You’re Only as Strong as the Weakest Link in your Supply Chain

With today’s global economy, even supposed “local” businesses can have significant supply chain risks. Just because your operations are limited to one geographic region doesn’t shield you from the effects of a catastrophe on the other side of the globe.

Just ask auto manufacturers, both American and foreign, about the impact of the Japanese tsunami and earthquake. Following these natural disasters, special paint additives available exclusively from one manufacturer in Japan were no longer available.  Plants throughout the U.S., from Ford to Honda, were left scrambling to find alternatives or had to drop particular colors from production all together.  This not only impacted the assemblers and their paint suppliers, but every other part manufacturer that was held up because the assemblers couldn’t receive their parts while trying to resolve the issue.

The time to consider supply chain risks is before they become an issue.  Consider every aspect of your operation and investigate possible chinks in your armor. Some are less obvious than others:

  • Natural disasters.  Difficult to plan for, but knowledge of local geography helps you uncover which suppliers are at greatest risk for events such as hurricanes, earthquakes and wild fires.
  • Company safety records. Do your suppliers have adequate procedures in place and are they followed?Is there a greater risk from many small safety errors or one large catastrophic error?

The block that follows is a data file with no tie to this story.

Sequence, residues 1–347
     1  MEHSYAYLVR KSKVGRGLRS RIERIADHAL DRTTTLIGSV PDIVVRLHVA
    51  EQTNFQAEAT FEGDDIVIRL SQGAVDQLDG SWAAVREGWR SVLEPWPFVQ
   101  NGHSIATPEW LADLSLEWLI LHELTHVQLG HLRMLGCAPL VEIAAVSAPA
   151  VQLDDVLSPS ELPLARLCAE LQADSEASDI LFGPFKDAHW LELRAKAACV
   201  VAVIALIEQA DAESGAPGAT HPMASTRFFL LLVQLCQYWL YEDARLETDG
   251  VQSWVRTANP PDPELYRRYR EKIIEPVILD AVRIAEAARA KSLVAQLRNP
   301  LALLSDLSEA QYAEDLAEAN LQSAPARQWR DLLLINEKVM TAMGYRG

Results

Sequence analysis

• Transportation. How reliable are the options within your suppliers’ regions? Are alternate routes of delivery available should standard methods fail?
  • Economic health. Are any of your suppliers at risk of going out of business? Do they meet their current financial obligations?
  • Unstable supply or unstable demand.  Can your suppliers meet expectations if there is a fluctuation in demand? Are they reliable? Are the components they need to produce their own product readily available?
  • Political upheaval. Are any of your suppliers in a volatile part of the world? Do they have constraints put on them by their own government?
  • Workforce risks. Do your suppliers have difficulty securing talent?  Are they prepared for a health crisis, such as a flu pandemic? Are they susceptible to strikes or labor disputes?

Consider this just a starter list. Ultimately, you should understand the inherent risks associated with every supply organization you select.  Certainly no small order, but incredibly important. And of course, simply knowing about those risks isn’t enough.  Next blog we’ll talk about ways to mitigate and protect.